The Indian soldiers descended on Bashir Ahmed Dar’s house in Indian occupied Kashmir
on August 10, a few days after the government in New Delhi stripped the disputed Himalayan region of its autonomy and launched a crackdown.
Over the next 48 hours, the 50-year-old plumber said he was subjected to two separate rounds of beatings by soldiers.
They demanded that he find his younger brother, who had joined rebels opposing India’s presence in the Muslim-majority region, and persuaded him to surrender or else “face the music”.
In a second beating at a military camp, Dar said he was struck with sticks by three soldiers until he was unconscious. He woke up at home, “unable to sit on my bruised and bloodied buttocks and aching back”, he said.
But it was not over. On August 14, soldiers returned to his house in the village of Heff Shirmal and destroyed his family’s supply of rice and other foodstuffs by mixing it with fertiliser and kerosene.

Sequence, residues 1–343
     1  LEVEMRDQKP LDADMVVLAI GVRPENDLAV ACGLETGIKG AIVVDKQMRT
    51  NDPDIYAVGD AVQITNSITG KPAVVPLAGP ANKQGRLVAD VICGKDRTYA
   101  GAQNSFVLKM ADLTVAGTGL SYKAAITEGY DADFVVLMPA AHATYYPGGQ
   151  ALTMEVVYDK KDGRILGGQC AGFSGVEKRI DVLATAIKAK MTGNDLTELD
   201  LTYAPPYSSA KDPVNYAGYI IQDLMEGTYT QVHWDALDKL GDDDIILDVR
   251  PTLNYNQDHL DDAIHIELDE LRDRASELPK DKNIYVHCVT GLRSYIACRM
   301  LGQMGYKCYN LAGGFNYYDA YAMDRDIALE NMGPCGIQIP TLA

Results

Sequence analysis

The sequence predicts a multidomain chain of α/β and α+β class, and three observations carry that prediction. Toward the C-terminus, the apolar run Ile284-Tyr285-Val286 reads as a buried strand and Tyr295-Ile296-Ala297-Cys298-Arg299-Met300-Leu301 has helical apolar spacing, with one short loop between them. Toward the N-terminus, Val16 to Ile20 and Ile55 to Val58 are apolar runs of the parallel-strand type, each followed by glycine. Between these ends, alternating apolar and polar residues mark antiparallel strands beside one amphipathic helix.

In more than 50 interviews, residents in a dozen villages in Kashmir told The Associated Press that the military had raided their homes since India’s government imposed a security crackdown in the region on August 5.
They said the soldiers inflicted beatings and electric shocks, forced them to eat dirt or drink filthy water, poisoned their food supplies or killed livestock, and threatened to take away and marry their female relatives. Thousands of young men have been arrested.
Colonel Rajesh Kalia, spokesman of the Northern Command, the Indian army’s headquarters in Srinagar, dismissed the villagers’ accounts as “completely baseless” and asserted the Indian army valued human rights.
Frustration, anger and fear have been growing in Kashmir in the five weeks since the Hindu nationalist government of Prime Minister Narendra Modi stripped the region of most of its semiautonomous status on August 5 and imposed a curfew and a communications blackout.
Although some restrictions have been eased in the main city of Srinagar, with students encouraged to return to school and businesses to reopen, rural residents complain of what they perceive as a campaign of violence and intimidation that seems designed at suppressing armed rebellion or dissent.